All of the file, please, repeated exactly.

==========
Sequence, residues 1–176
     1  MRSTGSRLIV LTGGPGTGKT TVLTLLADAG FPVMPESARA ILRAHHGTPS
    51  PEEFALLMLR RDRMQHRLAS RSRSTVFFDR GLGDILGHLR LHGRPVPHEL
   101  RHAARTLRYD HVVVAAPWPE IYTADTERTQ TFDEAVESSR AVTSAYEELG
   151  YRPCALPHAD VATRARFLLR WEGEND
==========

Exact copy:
Sequence, residues 1–176
     1  MRSTGSRLIV LTGGPGTGKT TVLTLLADAG FPVMPESARA ILRAHHGTPS
    51  PEEFALLMLR RDRMQHRLAS RSRSTVFFDR GLGDILGHLR LHGRPVPHEL
   101  RHAARTLRYD HVVVAAPWPE IYTADTERTQ TFDEAVESSR AVTSAYEELG
   151  YRPCALPHAD VATRARFLLR WEGEND